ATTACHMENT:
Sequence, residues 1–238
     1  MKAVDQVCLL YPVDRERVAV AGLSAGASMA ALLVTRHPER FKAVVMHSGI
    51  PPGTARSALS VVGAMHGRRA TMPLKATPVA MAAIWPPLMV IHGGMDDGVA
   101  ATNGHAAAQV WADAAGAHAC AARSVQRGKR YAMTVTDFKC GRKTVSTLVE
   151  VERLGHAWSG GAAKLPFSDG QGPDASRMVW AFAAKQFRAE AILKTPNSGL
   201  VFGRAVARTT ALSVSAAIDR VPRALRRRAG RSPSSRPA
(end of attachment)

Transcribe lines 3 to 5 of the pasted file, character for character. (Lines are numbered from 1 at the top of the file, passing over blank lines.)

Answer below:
    51  PPGTARSALS VVGAMHGRRA TMPLKATPVA MAAIWPPLMV IHGGMDDGVA
   101  ATNGHAAAQV WADAAGAHAC AARSVQRGKR YAMTVTDFKC GRKTVSTLVE
   151  VERLGHAWSG GAAKLPFSDG QGPDASRMVW AFAAKQFRAE AILKTPNSGL